barcode generator in vb.net code project Querying SQL Data in Software

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Querying SQL Data
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Your query results will now contain only two columns, as shown in the following:
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NAME ----------------Jennifer Warnes Joni Mitchell William Ackerman Kitaro Bing Crosby Patsy Cline Jose Carreras Luciano Pavarotti Placido Domingo PLACE_OF_BIRTH -----------------------------Seattle, Washington, USA Fort MacLeod, Alberta, Canada Germany Toyohashi, Japan Tacoma, Washington, USA Winchester, Virginia, USA Barcelona, Spain Modena, Italy Madrid, Spain
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Notice that the name of the first column is NAME, rather than PERFORMER_NAME. This is because the AS subclause (specifying NAME) is defined as part of the PERFORMER_ NAME derived column. If you were to specify the DISTINCT keyword in this particular situation, you would still receive the same number of rows, although they might not be returned in the same order as they were when you didn t use the keyword, depending on the SQL implementation. The reason that the DISTINCT keyword would make no difference in the query results is that there are no duplicate rows in the table. However, using the DISTINCT keyword can affect performance, particularly if your RDBMS has to sort through a large number of rows, so be sure to use the keyword only when necessary. Now let s take a look at an example that uses the DISTINCT keyword. Suppose your database includes a table that matches performers to types of music, as shown in Figure 7-2.
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PERFORMER_NAME: PERFORMER_TYPE: VARCHAR(60) VARCHAR(10) Jennifer Warnes Jennifer Warnes Joni Mitchell Joni Mitchell Joni Mitchell William Ackerman Kitaro Kitaro Folk Pop Pop Folk Jazz New Age New Age International
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Figure 7-2
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The PERFORMER_NAME and PERFORMER_TYPE columns of the PERFORMER_ TYPE table
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SQL: A Beginner s Guide
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If your SELECT statement includes both (all) columns in the SELECT clause, as shown in the following example, your query will return all rows:
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SELECT * FROM PERFORMER_TYPE;
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It does not matter if you specify the DISTINCT keyword in this case because your query results include no duplicate rows. The results would be the same whether you include the ALL keyword, rather than DISTINCT, or whether you specify neither of the two qualifiers. In either case, the query results would include the same information that is shown in the table in Figure 7-2. Now let s take a look at the same statement, only this time it specifies the DISTINCT keyword and only one of the two columns:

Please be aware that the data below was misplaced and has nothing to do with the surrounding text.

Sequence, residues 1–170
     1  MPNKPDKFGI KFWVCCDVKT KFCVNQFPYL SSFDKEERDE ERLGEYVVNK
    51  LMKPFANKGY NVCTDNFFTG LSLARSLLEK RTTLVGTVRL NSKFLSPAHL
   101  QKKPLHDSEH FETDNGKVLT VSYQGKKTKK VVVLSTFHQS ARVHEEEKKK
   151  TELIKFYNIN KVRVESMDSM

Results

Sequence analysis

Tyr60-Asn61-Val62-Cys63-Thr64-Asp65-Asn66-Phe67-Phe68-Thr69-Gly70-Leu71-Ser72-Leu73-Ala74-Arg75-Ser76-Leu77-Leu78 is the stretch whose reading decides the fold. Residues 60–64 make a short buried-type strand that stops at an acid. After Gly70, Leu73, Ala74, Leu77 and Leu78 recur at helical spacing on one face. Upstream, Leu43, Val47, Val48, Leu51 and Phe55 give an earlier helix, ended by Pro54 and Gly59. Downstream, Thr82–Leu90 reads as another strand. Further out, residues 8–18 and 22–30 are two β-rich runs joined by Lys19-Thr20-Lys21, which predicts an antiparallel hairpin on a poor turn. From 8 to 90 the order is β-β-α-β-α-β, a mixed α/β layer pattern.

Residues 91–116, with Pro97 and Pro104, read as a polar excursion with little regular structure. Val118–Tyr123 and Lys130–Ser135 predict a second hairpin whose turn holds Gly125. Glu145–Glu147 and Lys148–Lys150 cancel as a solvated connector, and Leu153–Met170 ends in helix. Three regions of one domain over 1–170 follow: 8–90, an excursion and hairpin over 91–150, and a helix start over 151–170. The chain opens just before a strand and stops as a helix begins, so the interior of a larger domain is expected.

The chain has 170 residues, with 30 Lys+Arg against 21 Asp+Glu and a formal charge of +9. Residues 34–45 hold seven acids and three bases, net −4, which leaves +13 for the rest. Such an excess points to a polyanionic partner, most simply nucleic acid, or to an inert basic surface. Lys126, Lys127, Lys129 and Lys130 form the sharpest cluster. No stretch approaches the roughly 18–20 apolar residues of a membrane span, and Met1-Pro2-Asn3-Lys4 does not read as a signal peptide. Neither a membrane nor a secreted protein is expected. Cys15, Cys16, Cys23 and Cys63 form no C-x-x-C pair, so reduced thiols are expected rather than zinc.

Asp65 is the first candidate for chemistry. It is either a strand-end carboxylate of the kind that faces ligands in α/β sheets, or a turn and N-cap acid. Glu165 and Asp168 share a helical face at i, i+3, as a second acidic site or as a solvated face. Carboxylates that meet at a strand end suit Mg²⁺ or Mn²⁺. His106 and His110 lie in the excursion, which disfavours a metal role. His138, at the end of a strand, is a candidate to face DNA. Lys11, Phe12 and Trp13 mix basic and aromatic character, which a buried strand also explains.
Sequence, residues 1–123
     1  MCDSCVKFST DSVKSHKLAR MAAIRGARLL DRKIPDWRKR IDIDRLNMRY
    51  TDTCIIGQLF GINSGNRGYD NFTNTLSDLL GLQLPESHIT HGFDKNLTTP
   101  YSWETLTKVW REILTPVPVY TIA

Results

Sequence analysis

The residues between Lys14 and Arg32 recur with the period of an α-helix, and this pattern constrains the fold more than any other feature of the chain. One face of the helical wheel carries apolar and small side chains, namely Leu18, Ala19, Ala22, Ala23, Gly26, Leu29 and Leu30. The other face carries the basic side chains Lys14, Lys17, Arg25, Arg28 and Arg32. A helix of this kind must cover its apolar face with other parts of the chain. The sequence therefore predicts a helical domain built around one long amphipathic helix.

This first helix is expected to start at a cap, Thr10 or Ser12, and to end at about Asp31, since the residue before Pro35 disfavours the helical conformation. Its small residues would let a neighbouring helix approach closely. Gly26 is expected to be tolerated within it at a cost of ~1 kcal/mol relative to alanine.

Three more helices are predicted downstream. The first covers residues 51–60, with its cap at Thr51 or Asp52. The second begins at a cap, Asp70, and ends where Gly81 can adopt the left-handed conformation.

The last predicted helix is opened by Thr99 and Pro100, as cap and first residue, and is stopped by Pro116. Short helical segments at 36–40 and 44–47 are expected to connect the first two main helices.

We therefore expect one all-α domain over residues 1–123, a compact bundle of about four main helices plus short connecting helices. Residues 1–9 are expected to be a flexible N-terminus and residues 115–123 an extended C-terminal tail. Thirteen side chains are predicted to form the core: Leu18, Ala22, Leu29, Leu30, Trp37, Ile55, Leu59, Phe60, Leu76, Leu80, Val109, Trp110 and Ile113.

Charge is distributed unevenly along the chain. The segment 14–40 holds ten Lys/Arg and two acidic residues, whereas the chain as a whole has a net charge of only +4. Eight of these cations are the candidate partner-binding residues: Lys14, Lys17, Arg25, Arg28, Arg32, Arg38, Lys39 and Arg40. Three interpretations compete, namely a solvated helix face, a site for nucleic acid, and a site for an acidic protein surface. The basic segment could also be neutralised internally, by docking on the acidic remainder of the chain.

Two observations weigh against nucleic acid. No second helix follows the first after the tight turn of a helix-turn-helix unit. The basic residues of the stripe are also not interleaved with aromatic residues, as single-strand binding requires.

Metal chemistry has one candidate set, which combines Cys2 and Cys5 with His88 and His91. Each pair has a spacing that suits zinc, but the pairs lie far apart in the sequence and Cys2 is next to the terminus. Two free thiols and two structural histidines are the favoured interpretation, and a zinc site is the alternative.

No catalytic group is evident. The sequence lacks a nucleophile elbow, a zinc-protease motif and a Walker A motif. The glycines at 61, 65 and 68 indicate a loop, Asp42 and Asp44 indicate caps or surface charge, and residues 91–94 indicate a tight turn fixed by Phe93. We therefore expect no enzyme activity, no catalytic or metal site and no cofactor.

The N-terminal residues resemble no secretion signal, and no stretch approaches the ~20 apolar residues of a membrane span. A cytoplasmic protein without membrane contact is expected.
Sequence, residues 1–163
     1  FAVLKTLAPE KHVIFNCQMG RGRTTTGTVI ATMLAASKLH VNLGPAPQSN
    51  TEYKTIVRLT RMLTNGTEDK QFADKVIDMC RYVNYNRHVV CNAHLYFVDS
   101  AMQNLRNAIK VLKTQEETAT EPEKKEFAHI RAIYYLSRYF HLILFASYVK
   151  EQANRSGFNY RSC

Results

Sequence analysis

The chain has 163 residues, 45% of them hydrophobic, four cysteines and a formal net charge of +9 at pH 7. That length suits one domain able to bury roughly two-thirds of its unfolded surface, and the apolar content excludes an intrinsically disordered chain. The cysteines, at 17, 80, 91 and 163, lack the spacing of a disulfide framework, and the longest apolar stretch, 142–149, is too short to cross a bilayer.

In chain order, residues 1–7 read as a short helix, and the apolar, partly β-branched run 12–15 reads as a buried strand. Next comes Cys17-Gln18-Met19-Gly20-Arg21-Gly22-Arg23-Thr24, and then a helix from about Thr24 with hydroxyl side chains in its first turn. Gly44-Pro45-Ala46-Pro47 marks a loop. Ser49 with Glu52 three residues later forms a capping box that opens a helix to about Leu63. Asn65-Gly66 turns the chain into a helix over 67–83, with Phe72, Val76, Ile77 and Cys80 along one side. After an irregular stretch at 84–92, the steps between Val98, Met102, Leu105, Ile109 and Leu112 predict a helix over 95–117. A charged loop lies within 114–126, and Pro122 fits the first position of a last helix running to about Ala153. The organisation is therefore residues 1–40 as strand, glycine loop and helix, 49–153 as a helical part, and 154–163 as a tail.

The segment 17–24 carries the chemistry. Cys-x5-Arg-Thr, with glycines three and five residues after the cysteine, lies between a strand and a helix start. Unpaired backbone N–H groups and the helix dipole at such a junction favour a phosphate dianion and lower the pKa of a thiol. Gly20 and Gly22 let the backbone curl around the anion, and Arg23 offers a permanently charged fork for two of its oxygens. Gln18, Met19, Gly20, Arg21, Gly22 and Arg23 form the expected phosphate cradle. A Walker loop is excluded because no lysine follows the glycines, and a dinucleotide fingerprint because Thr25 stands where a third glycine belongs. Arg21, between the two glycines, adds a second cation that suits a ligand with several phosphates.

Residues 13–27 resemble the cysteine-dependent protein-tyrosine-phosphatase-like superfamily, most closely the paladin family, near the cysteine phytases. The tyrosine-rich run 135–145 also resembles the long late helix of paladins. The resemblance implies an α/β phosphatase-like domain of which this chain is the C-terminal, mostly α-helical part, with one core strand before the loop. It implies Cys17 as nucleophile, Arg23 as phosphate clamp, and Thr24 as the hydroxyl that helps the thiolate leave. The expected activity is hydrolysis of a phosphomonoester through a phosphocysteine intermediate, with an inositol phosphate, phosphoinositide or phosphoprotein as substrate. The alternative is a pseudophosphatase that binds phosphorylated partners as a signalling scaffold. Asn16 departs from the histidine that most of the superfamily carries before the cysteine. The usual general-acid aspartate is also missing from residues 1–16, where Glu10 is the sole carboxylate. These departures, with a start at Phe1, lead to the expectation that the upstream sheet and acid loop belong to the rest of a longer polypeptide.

SELECT DISTINCT PERFORMER_NAME FROM PERFORMER_TYPE;
Notice that this statement includes only the PERFORMER_NAME column, which includes duplicate values. By using the DISTINCT keyword, your query results will include only one instance of each value. If you execute the SELECT statement in the preceding example, your query results will look similar to the following:
PERFORMER_NAME ------------------------Jennifer Warnes Joni Mitchell Kitaro William Ackerman
Although there are seven rows in the PERFORMER_TYPE table, only four rows are returned because there are only four unique values in the PERFORMER_NAME column and the other values are duplicates. As you can see, the SELECT clause and the FROM clause are fairly straightforward, at least at this level of coding. Once we get into more complex structures, you ll find that both these clauses can at times become more complicated. However, the important thing to remember right now is that these clauses act as the foundation for the rest of the SELECT statement. In terms of execution, the SELECT statement, for all practical purposes, begins with the FROM clause and ends with the SELECT clause. (The ORDER BY clause is used primarily for display purposes and doesn t affect which information is actually returned. The ORDER BY clause is discussed in more detail in the Use the ORDER BY Clause to Sort Query Results section later in this chapter.)
Use the WHERE Clause to Define Search Conditions
The next clause in the SELECT statement is the WHERE clause. The WHERE clause takes the values returned by the FROM clause (in a virtual table) and applies the search condition that is defined within the WHERE clause. The WHERE clause acts as a filter on the results returned by the FROM clause. Each row is evaluated against the search condition. Those rows
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